It remains uncertain whether patients with atrial fibrillation (AF) and a single additional stroke risk factor (congestive heart failure, hypertension, age ≥ 75 years, diabetes mellitus, prior stroke or thromboembolism, vascular disease, age 65-74 years, and sex category [CHA2DS2-VASc] score = 1 in men, 2 in women) should be treated with oral anticoagulation (OAC). We investigated the risk of ischemic stroke, systemic embolism, and death in a community-based cohort of unselected patients with AF with zero to one stroke risk factor based on the CHA2DS2-VASc score.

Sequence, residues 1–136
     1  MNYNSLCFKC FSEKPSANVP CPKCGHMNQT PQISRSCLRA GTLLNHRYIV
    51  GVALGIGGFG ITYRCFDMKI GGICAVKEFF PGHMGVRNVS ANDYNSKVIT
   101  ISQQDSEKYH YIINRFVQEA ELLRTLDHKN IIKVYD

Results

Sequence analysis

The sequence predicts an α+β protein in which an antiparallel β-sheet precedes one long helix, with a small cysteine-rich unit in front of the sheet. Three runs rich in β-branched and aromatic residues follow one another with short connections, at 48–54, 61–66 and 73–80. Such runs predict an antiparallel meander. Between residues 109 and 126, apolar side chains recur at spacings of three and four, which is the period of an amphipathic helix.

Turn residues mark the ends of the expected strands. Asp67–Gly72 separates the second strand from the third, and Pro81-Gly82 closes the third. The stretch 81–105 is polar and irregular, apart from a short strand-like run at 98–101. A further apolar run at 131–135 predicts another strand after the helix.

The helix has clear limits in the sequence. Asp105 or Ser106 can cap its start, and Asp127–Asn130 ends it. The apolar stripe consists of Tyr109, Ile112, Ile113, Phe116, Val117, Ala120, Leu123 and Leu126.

Among 8,962 patients with AF seen between 2000 and 2010, 2,177 (24%) had zero or one additional stroke risk factor, of which 53% were prescribed OAC.
Over a follow-up of 979 ± 1,158 days, 151 (7%) had a major adverse event (stroke/systemic thromboembolism/death). Prescription of OAC was not associated with a better prognosis for stroke/systemic thromboembolism/death for patients in the “low-risk” category (ie, CHA2DS2-VASc score = 0 for men or 1 for women; adjusted hazard ratio [HR], 0.68; 95% CI, 0.35-1.31; P = .25). OAC use was independently associated with a better prognosis in patients with AF with a single additional stroke risk factor (ie, CHA2DS2-VASc score = 1 in men, 2 in women; adjusted HR, 0.59; 95% CI, 0.40-0.86; P = .007).
Among patients with AF with a single additional stroke risk factor (CHA2DS2-VASc score = 1 in men, 2 in women), OAC use was associated with an improved prognosis for stroke/systemic thromboembolism/death.